This last Sunday my mom offered to write me a check to cover the cost of the Easter Ham I purchased. Boy, what sounds more midwestern than that? Anyway, it got me thinking, "Who still writes checks?" The answer is a lot more people than you think. Officials are warning people to stop sending checks in the mail immediately. Why?

Check fraud has doubled in the last few years. Sadly, sometimes the money is gone forever. Here are a few key points you should know.

3.4 billion checks were written in 2022 in the United States.

A lot of checks are still being written in America. This number is down from the year 1990 when 19 billion checks were written. Still, billions of checks circulating are a target for organized crime.

The average check was written for $2,652 last year.

People aren't writing small checks as much for groceries or everyday purchases. WIVB reports that the average check size continues to grow. In 1990 the average check was  just $673,

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Organized crime has been targeting checks in the mail since the COVID-19 pandemic.

There were 350,000 check fraud reports in 2021. Just two years later in 2023, the number grew to 680,000. That's more than doubled! The US Postal Service also had twice as many (300,000) reports of mail theft in 2023.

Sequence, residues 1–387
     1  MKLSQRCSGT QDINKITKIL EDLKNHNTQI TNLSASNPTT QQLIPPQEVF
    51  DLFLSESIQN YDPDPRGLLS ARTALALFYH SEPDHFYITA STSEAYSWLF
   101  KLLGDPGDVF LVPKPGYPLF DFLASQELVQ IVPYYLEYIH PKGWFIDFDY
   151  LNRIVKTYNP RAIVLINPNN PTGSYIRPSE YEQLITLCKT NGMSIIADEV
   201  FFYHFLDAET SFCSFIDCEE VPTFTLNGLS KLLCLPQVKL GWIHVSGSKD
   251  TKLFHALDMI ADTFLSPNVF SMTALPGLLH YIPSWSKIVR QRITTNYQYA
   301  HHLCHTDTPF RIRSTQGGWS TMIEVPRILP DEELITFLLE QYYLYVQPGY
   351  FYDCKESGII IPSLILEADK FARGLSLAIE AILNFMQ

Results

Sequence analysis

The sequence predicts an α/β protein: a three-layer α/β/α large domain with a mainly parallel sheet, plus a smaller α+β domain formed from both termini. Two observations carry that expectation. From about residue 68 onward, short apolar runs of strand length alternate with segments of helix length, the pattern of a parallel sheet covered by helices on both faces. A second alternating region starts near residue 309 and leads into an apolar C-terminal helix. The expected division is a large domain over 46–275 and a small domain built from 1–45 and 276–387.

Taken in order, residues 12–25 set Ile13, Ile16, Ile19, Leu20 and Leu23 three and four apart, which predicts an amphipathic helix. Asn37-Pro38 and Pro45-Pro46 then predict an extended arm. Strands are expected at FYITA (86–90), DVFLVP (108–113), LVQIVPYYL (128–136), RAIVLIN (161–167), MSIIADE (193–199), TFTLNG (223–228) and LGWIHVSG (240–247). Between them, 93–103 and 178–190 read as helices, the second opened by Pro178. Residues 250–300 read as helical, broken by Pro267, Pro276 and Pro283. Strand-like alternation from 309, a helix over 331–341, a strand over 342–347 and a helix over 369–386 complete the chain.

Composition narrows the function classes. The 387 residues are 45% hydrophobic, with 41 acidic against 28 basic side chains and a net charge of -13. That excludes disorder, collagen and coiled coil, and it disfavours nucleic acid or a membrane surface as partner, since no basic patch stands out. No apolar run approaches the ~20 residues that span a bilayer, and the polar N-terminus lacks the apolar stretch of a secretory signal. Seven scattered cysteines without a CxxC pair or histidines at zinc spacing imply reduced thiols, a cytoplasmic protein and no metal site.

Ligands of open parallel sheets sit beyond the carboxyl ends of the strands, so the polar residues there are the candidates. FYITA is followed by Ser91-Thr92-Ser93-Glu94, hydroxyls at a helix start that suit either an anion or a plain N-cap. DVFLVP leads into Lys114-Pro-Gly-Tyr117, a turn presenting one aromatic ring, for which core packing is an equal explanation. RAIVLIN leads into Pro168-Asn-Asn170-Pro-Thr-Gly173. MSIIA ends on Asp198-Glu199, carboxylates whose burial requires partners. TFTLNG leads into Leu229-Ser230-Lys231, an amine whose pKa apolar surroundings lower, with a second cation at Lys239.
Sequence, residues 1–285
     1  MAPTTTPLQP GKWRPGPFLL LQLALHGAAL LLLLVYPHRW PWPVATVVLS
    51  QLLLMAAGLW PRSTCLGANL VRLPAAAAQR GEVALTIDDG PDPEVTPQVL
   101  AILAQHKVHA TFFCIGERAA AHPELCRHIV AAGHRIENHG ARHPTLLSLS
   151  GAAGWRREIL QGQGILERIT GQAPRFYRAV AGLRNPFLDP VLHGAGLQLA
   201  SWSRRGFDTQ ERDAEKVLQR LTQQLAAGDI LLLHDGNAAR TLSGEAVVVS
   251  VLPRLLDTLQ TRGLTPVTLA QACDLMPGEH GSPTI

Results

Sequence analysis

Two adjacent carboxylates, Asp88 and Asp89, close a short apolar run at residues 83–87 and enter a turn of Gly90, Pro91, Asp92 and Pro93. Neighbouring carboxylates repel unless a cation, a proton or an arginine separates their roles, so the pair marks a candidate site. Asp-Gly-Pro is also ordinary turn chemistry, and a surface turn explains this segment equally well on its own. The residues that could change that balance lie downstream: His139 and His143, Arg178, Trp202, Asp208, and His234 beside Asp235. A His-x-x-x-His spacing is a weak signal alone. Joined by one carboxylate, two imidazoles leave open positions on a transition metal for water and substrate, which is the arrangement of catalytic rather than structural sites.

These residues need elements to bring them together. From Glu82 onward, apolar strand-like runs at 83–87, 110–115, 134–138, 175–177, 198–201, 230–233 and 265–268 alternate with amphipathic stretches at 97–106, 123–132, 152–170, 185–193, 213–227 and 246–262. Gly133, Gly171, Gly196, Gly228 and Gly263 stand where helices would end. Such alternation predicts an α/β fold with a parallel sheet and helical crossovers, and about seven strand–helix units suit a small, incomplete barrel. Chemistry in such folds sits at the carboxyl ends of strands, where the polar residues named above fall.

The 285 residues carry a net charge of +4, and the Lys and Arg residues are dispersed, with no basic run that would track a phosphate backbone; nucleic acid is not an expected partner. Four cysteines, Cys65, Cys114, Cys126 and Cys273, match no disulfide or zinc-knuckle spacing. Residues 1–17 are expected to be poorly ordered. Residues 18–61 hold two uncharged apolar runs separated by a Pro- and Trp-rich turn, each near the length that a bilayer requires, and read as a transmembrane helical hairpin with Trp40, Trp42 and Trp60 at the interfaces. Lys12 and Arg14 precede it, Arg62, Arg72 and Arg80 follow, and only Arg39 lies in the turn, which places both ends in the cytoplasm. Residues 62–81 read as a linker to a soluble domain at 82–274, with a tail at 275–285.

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How are criminals getting rich from your checks in the mail?

Organized crime intercepts the checks in the mail. There are multiple ways they can alter the check, like "melting ink." They use technology to replace the to section to different names. There's also "check-washing" where people steal the check and change the payee's name on the check.

Your check has your important information on it.

Don't write your driver's license on your check. That's more information than any business is going to need. Also, your check has your bank account number and routing number, and that can be used for online payments as well.

LOOK: Here's where people in every state are moving to most

Stacker analyzed the Census Bureau's 2019 American Community Survey data to determine the three most popular destinations for people moving out of each state.

Gallery Credit: Amanda Silvestri

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